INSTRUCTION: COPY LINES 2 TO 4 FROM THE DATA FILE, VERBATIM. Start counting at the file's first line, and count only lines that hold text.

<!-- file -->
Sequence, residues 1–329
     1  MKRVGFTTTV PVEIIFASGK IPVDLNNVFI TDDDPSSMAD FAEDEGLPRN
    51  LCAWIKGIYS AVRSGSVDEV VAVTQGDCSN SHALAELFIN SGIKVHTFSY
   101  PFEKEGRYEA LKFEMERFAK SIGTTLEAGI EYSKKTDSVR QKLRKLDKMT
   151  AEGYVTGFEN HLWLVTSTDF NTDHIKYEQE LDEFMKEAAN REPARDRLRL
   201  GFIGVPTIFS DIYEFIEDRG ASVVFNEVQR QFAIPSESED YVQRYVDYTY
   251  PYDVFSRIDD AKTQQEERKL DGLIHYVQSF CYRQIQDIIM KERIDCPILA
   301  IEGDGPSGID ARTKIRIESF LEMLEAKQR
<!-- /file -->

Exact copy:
     1  MKRVGFTTTV PVEIIFASGK IPVDLNNVFI TDDDPSSMAD FAEDEGLPRN
    51  LCAWIKGIYS AVRSGSVDEV VAVTQGDCSN SHALAELFIN SGIKVHTFSY
   101  PFEKEGRYEA LKFEMERFAK SIGTTLEAGI EYSKKTDSVR QKLRKLDKMT